Well, I found a Best Buy in Erie (above), so barring a new catastrophe, I should have a full charge this afternoon and can begin catching up. I am sorry about the inconvenience caused by this self-inflicted problem. I’m afraid to even look at the Ethics Alarms traffic: this August has already been historically bad in that respect. Thanks for your patience.
Fell free to write about any ethics issue that concerns and interests you here while my little netbook is charging, assuming it does. Right now I’m on fumes…
1. Does the New York Times have access to a legal ethicist? How about a competent lawyer? In this story, the Times suggests that the White House doesn’t know what the White House Counsel told Robert Mueller in November. That’s ridiculous, and, I submit, impossible.
By all accounts, Don McGahn, is a competent, experienced ethical lawyer, and like all competent, experienced ethical lawyers, he knows that it is his core duty, under Rule 1.4 of every set of legal ethics Rules in the nation, to…
(1) promptly inform the client of any decision or circumstance with respect to which the client’s informed consent, as defined in Rule 1.0(e), is required by these Rules;
(2) reasonably consult with the client about the means by which the client’s objectives are to be accomplished;
(3) keep the client reasonably informed about the status of the matter;
(4) promptly comply with reasonable requests for information; and
(5) consult with the client about any relevant limitation on the lawyer’s conduct when the lawyer knows that the client expects assistance not permitted by the Rules of Professional Conduct or other law.
(b) A lawyer shall explain a matter to the extent reasonably necessary to permit the client to make informed decisions regarding the representation.
A lawyer doesn’t have to be asked to do this; a lawyer can never use the dodge, “Why didn’t I tell you? You never asked?” with his client. It is true, as the various talking heads kept repeating yesterday, that President Trump is not McGahn’s client, the Presidency is. However, in terms of the duty of communications for a lawyer with McGahn’s job, that distinction is meaningless. I’ve been trying to come up with any kind of statement or revelation that a White House Counsel could give to a Special Counsel that he would not be obligated to immediately reveal to the President.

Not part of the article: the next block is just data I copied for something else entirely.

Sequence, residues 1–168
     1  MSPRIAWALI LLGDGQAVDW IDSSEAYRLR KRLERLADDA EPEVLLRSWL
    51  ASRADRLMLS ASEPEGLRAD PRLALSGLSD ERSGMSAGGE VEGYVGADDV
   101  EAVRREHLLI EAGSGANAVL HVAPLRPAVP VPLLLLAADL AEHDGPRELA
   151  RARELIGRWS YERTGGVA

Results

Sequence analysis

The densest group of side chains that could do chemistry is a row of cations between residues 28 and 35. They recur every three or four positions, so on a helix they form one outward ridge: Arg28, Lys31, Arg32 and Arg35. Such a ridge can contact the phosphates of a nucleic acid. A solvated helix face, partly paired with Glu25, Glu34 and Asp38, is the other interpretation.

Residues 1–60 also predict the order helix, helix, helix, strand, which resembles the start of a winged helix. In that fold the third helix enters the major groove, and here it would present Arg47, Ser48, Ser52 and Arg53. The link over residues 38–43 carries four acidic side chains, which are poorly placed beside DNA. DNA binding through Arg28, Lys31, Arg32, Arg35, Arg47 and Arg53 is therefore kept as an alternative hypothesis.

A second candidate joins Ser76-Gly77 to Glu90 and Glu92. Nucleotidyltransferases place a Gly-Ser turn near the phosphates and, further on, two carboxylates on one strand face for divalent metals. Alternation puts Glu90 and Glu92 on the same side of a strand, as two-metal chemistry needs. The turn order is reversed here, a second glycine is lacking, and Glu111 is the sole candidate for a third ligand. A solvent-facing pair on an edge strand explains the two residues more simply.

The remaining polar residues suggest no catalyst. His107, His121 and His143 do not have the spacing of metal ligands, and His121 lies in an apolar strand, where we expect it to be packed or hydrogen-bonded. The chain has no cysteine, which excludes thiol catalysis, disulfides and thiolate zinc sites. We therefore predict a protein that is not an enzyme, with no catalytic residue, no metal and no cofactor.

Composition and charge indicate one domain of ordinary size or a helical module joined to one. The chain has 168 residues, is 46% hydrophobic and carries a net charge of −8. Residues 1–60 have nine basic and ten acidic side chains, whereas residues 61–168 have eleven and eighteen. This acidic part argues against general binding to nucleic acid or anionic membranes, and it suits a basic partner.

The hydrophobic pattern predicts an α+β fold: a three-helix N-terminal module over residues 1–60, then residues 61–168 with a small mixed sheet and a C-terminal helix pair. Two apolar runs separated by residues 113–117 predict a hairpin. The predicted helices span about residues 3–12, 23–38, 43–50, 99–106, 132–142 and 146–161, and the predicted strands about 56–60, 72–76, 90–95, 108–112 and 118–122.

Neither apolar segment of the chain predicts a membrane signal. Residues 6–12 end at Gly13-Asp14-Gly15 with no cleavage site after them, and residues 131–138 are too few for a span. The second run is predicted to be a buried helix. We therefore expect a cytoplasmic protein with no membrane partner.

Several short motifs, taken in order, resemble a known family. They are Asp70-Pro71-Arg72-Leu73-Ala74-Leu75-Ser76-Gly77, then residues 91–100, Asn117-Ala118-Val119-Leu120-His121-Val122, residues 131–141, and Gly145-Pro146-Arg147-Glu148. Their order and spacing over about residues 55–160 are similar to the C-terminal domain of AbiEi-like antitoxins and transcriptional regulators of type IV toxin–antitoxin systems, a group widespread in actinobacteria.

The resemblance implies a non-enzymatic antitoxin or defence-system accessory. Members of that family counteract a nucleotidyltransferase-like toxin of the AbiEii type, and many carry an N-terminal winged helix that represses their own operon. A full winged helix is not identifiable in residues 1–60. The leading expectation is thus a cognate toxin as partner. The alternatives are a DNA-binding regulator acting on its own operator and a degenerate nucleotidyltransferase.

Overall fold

I could write for hours on this topic, and eventually I will. But the starting point is that the Times is misleading the public. Again.
2. Fake news from the religious right: a Fox News headline today was “Little Girl Kissed By The Pope Is Cancer Free.” This is deceitful nonsense, implying that the Pope healed the girl by the touch of his Holy Lips. She was undergoing cancer treatment. Her family credits the doctors there with the “miracle.” The Pope himself has not claimed that she was healed by his touch. “Little Girl Who Cheers For Boston Red Sox Is Cancer Free” would be a similar headline.
3. Does anyone believe this? I just heard John Brennan tell a camera that he would never make any partisan criticisms of President Trump, and that his increasingly over-the-top public attacks and accusations are just responsible observations of a former insider. Meanwhile, the many former intelligence officers that signed a letter of protest against the President’s pulling of Brennan’s security clearance have nicely made Trump’s point. Leave the government, lose security clearance. Employ an expedited procedure to restore it if an individual is again needed to assist or advise in a specific matter. Prompted by picque or not (of course it was prompted by pique), the pulling of Brennan’s clearance shines light on an anomaly and an anachronism. The assumption once was that a former government employee or official would never seek to used special status to undermine the government. That was never true, but now it is obviously fanciful.
Pull them all.
Ugh! Battery flashing, and tags to enter!